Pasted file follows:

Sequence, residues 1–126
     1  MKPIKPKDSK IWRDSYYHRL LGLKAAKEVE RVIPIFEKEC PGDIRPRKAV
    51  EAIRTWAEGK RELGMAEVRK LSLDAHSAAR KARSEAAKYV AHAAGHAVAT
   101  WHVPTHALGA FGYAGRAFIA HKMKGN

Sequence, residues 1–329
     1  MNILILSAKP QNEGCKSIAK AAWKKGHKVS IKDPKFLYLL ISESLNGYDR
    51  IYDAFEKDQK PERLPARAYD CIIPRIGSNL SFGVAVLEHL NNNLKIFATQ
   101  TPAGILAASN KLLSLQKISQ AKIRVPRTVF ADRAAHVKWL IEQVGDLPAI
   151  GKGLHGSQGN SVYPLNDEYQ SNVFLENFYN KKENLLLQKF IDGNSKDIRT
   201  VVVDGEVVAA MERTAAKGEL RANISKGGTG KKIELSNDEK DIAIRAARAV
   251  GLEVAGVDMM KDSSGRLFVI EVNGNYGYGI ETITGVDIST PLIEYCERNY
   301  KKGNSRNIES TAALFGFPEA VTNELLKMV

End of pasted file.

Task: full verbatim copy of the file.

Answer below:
Sequence, residues 1–126
     1  MKPIKPKDSK IWRDSYYHRL LGLKAAKEVE RVIPIFEKEC PGDIRPRKAV
    51  EAIRTWAEGK RELGMAEVRK LSLDAHSAAR KARSEAAKYV AHAAGHAVAT
   101  WHVPTHALGA FGYAGRAFIA HKMKGN

Sequence, residues 1–329
     1  MNILILSAKP QNEGCKSIAK AAWKKGHKVS IKDPKFLYLL ISESLNGYDR
    51  IYDAFEKDQK PERLPARAYD CIIPRIGSNL SFGVAVLEHL NNNLKIFATQ
   101  TPAGILAASN KLLSLQKISQ AKIRVPRTVF ADRAAHVKWL IEQVGDLPAI
   151  GKGLHGSQGN SVYPLNDEYQ SNVFLENFYN KKENLLLQKF IDGNSKDIRT
   201  VVVDGEVVAA MERTAAKGEL RANISKGGTG KKIELSNDEK DIAIRAARAV
   251  GLEVAGVDMM KDSSGRLFVI EVNGNYGYGI ETITGVDIST PLIEYCERNY
   301  KKGNSRNIES TAALFGFPEA VTNELLKMV